How to Prepare for a Crisis at the Top

In April 2004, McDonald’s Corp. Chief Executive Officer Jim Cantalupo was hours away from addressing a cohort of the company’s owners and operators in Orlando, Fla., on its turnaround from a period of expensive innovations, sagging sales and dwindling profits. Then tragedy struck.

According to published reports, Andrew McKenna, McDonald’s nonexecutive chairman, received a 5 a.m. phone call informing him Cantalupo had died of a massive heart attack.

With its top executives and most board members also in Orlando as part of McDonald’s biannual meeting, the fast food company was able to announce both Cantalupo’s death and his successor before the stock markets opened that morning. Charlie Bell, a 43-year-old Australian and McDonald’s president, was named CEO. He also addressed the company’s owners and operators that morning.

It wasn’t long after that Bell, presumed to be McDonald’s long-term answer at chief executive, began experiencing stomach pains. After three weeks as CEO, Bell had exploratory surgery and was diagnosed with colorectal cancer.

After a few months on the job during treatment, Bell returned home to Australia. He died in January 2005. Jim Skinner, a 33-year McDonald’s veteran who had begun his career flipping burgers in the restaurants, was named CEO. Skinner retired in June 2012 and was replaced by Don Thompson, McDonald’s chief operating officer.

In less than a year, McDonald’s had to enact its top executive succession plan twice — both in emergency situations with seemingly little hesitation.

Rich Floersch, McDonald’s executive vice president and chief human resources officer, remembers each succession well.

“I can remember the first dinner meeting I was at in 2004 with a lot of my peers at other companies,” said Floersch. “And they were like … ‘I can tell you what happened that day. My CEO called me in and said: What is our emergency succession plan?’”

The Two Sides of Succession
McDonald’s prominently illustrates the importance of emergency succession planning, but many firms do not have a comprehensive plan in place.

Further, recent data suggests that for some, CEO succession in general may not be top of mind. Between January and July 2012, 11 of the 42 CEOs who assumed new posts at S&P 500 and Fortune 500 companies were external hires, according to an annual study by executive search firm Crist|Kolder.

Floersch, who attributes McDonald’s recent emergency transition success to its deep commitment to internal talent development, said having an emergency succession plan in addition to a long-term one is imperative.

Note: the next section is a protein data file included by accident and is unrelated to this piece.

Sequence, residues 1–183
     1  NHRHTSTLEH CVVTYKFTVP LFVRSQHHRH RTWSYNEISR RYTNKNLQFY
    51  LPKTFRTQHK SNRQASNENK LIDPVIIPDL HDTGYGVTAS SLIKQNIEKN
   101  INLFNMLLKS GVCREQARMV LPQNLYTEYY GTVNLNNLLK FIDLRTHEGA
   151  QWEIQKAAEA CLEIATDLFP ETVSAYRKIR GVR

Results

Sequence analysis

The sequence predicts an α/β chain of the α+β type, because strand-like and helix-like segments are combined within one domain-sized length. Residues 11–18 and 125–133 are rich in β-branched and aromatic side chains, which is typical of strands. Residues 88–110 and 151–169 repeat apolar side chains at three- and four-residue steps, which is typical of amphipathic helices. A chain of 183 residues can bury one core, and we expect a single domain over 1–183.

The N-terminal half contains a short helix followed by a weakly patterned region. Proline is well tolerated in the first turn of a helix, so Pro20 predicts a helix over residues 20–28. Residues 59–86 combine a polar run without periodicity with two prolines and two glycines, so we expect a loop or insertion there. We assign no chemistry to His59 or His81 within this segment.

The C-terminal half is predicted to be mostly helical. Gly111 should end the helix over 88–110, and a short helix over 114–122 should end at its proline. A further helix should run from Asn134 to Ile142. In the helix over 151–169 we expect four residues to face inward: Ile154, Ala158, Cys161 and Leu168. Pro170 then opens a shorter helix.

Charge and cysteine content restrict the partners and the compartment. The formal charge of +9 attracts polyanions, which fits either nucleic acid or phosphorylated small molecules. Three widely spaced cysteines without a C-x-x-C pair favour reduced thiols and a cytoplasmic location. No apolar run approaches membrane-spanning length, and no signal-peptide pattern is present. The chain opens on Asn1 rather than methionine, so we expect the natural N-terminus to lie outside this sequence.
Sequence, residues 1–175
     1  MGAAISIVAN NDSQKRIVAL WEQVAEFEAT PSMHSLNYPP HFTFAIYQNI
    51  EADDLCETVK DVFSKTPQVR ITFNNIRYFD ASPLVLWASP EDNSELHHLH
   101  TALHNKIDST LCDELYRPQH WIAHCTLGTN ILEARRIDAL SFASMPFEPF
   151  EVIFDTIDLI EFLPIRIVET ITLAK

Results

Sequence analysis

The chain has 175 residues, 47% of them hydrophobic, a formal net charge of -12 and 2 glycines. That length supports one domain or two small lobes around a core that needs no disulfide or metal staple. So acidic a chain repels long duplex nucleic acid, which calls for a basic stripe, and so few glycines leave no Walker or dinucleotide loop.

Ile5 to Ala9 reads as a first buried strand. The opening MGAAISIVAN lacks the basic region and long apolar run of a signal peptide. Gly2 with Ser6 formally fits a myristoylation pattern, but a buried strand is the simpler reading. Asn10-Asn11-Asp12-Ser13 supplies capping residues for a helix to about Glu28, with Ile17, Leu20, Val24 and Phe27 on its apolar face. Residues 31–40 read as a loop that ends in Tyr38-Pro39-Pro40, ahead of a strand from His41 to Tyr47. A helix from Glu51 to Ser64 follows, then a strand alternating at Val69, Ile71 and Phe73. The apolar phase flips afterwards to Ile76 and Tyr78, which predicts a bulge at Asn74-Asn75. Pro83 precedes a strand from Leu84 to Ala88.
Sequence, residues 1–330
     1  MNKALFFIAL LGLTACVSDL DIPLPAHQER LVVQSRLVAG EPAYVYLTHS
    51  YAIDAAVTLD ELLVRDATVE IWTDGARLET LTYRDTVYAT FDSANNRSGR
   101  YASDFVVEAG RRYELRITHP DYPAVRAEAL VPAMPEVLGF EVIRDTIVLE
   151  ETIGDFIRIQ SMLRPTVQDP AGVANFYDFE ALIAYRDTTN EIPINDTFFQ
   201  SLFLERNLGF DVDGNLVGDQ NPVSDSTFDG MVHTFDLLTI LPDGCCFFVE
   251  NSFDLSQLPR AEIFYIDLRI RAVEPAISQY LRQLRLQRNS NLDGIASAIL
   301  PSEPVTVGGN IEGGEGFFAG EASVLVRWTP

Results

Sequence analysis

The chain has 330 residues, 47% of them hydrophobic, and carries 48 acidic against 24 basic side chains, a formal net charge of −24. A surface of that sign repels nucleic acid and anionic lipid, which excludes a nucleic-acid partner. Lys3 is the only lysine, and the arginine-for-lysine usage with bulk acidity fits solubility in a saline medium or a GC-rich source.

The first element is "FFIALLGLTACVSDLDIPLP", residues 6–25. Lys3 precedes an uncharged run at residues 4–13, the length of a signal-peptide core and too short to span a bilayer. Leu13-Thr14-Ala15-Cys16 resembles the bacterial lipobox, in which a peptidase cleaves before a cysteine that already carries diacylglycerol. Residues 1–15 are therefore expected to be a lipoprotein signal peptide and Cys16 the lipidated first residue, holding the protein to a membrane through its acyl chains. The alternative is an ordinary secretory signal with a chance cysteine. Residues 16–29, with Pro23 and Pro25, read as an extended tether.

But what constitutes a sound emergency CEO succession plan? According to Bruce Sherman, principal at HR advisory Shields Meneley Partners, the first step is to beat down false perceptions of what an emergency succession plan is. For starters, it is more than a few names stuffed in an envelope by the board of directors, the group that owns the C-suite succession process.

Sherman said emergency succession, especially at the CEO level, is composed of many parts, most of which require the firm to evaluate a lot of uncertainty in the moment: What is the specific circumstance? Can the company get by on a short-term fix, or does the business strategy require an immediate long-term leader?

If the strategy calls for an interim, will it be a board member, or perhaps a retired company executive who would be willing to return for a short time? How will the plan be communicated? There are numerous variables.

“I don’t love situations where there isn’t a best practice,” said Howard Fluhr, chairman and former president and CEO of The Segal Co., a human resources consultancy. “I don’t think there is one here. It’s very situational.”

However, having an emergency succession plan is about managing risk. The less uncertainty there is about who will step into the CEO role should it suddenly become vacant, the less a company will be exposed to the financial and strategic liabilities that come with indeterminate leadership during its vulnerable period.

Therefore, all stakeholders involved in the process should champion a two-pronged succession effort: one focused on identifying a long-term strategy and list of candidates to fill the role of CEO, and another identifying who could step in immediately without hesitation in the wake of emergency, said Rick Ketterer and Colleen O’Neill, partners at HR consultancy Mercer.

Some candidates may be considered for both plans. It is HR’s role to prepare the behind-the-scenes efforts that ensure the organization has a wealth of individuals available to fit the different job profiles required for each situation. Still, a few barriers persist.